1. Take qualitative observations of Hay Infusion Culture

2. Qualitative observations of the Agar plates.

Gram Stain

1. Label the slides. Use a sterilized loop to obtain a small portion of bacteria. Transfer it to its respective slide.

2. Heat fix the sample of the bacteria to the slide by passing it through a flame three times with the bacterial smear side up

3. Working with a staining tray, cover the smear with crystal violet for 1 minute.

4. Rinse the stain off using a wash bottle filled with water.

5. Cover the smear with Gram's iodine mordant for 1 minute. Rinse gently.

6. Decolorize by flooding the smear with 95% alcohol for 10-20 seconds. Rinse gently. Decolorization has occurred when the solvent flows colorlessly from the slide

7. Cover the smear with safranin stain for 20-30 seconds. Rinse gently.

8. Blot excess water carefully with a paper towel and air dry.

9. After the gram stain is done, focus in on the sample at a low magnification, then observe the slide under 40X and the oil objective. (coverslips are not used with gram stains).


Hay Infusion Culture

-Water Level Decreased -Decreased amount of material in jar -Increased transparency of water -No film coating the top of the water -Less potent Smell

Agar Plates


Lab 3 Observation Table.png






I would not anticipate to find any Archea species growing on the agar plates because these specimen have a preference for extreme environments (ex. extreme halophiles, thermophiles, methanogens etc.). When water has a foul odor this is indicative of the presence of bacteria. Because the smell of the water was particularly potent the first week, and far more fain the second this likely indicates a larger population of bacteria the first week in comparison to the second. A smaller bacteria population would also account for why there was less organic matter seen in the jar the second week. Perhaps the material was consumed and many of the bacteria died due to lack of resources (food). When observing the agar plates it was very noticeable that the presence of tetracycline altered the growth patterns of the bacteria. Plates that only contained nutrient agar had large colonies in comparison to those growing in the presence of tetracycline. Also there seemed to be more bacteria of different color and texture on the strictly agar plates in comparison to the tetracycline containing plates. This indicates that the antibiotic does work to kill bacteria. There were two fungi groups found on the plates. Antibiotics can be used to kill bacteria that will grow fungus but not kill fungus specifically. Antifungals can be used for this purpose. (U.S National Library of Medicine) Tetracycline inhibits protein synthesis of bacteria which causes the death of the organism. A bacteria that is resistant to this antibiotic will develop genes that code for an energy-dependent efflux of tetracyclines, or alternatively be able to create a protein that protects the bacterial ribosomes from the antibiotic. (Chopra 2001)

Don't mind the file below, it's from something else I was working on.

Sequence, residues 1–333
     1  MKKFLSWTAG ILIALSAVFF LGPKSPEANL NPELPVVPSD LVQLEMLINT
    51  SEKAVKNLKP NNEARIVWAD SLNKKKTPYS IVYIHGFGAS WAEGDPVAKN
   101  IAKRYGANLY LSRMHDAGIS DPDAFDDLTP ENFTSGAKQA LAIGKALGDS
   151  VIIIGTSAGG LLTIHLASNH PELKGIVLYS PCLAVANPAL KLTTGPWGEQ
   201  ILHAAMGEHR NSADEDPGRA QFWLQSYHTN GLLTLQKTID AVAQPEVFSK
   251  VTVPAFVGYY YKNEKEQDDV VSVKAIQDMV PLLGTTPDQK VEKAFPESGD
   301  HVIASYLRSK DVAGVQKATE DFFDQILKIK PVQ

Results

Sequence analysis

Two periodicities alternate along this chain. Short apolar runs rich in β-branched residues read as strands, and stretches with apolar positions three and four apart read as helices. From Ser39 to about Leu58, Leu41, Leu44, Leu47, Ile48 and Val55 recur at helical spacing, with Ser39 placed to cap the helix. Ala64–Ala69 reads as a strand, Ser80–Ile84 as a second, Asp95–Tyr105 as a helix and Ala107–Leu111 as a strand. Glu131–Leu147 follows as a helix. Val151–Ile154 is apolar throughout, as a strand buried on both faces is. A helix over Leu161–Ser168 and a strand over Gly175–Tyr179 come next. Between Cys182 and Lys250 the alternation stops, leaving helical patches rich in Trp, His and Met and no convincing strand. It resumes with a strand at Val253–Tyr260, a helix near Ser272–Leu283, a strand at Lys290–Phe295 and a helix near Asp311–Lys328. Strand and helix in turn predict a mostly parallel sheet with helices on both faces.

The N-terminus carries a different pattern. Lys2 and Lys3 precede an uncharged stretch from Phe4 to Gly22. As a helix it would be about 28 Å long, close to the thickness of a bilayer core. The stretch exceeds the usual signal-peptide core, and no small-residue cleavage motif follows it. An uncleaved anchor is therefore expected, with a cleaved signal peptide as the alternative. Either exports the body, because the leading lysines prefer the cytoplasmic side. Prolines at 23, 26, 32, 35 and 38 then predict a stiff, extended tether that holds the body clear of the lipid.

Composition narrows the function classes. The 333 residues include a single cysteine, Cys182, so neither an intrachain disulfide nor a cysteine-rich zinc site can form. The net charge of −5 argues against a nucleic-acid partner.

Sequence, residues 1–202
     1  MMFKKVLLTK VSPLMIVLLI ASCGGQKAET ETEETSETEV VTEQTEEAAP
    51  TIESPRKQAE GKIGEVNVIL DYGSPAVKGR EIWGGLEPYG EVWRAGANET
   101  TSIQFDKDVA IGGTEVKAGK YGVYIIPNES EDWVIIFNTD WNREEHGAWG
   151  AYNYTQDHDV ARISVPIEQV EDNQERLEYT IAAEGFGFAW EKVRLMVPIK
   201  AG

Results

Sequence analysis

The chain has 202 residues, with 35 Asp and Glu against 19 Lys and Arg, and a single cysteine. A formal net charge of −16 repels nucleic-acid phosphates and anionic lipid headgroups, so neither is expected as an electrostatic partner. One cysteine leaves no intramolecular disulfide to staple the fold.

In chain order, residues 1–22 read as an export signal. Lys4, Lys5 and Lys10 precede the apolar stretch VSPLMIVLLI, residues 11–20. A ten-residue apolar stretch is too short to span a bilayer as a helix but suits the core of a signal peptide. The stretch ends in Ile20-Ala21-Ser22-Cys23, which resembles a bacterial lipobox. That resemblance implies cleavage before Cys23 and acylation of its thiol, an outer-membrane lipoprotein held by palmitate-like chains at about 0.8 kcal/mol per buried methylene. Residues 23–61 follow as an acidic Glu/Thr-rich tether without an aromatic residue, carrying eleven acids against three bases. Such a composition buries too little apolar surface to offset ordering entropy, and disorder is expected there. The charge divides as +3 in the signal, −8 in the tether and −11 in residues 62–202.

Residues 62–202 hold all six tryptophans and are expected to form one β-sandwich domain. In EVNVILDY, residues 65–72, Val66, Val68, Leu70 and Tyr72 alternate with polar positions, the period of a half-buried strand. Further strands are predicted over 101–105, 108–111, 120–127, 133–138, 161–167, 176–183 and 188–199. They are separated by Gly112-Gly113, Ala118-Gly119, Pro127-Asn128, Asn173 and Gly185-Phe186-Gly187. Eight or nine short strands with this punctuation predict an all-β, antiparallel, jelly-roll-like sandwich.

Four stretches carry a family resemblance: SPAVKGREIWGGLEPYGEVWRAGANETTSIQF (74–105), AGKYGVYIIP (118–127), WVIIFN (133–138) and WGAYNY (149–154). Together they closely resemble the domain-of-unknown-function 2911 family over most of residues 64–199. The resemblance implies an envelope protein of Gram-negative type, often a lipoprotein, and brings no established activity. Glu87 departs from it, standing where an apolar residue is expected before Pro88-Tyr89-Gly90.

It was seen by observing the hay infusion culture that over time it becomes increasingly difficult for species to survive with very limited resources. It was also seen that antibiotics such as tetracycline greatly limit the growth and are effective in killing many bacteria. The usefulness of the categorization of bacteria based on shape, movement and membrane type was experienced. A future study could compare the use of various antibiotics, and could also compare characteristics of cells that have grown immune to antibiotics.


"Fungal Infections: MedlinePlus." U.S National Library of Medicine. U.S. National Library of Medicine, n.d. Web. 16 Feb. 2014. <>.

Chopra, Ian. "Tetracycline Antibiotics: Mode of Action, Applications, Molecular Biology, and Epidemiology of Bacterial Resistance." NCBI. N.p., n.d. Web. 16 Feb. 2014. <>.


Hay Infusion Observation



In lab today the hay infusion that was created last week was observed. Organisms from the Hay Infusion were observed in order to grasp an understanding of the characteristics of Algae and Protists. A dichotomous key was used to identify/characterize/classify these organisms.


1. Qualitative observations were taken (appearance,smell of jar etc.)

2. A micropipette was used to extract a sample of the hay infusion from two different environments (the top and the bottom)

3. The liquid sample was placed on a slide and covered with a cover slip

4. The sample was observed. Observations were recorded.